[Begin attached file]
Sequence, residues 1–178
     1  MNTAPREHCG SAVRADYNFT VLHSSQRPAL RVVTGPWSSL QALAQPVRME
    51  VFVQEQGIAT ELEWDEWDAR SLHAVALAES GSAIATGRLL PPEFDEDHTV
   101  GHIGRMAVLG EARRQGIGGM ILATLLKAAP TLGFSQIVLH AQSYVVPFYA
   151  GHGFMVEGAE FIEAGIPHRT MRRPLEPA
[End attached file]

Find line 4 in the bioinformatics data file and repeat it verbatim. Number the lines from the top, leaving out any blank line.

   101  GHIGRMAVLG EARRQGIGGM ILATLLKAAP TLGFSQIVLH AQSYVVPFYA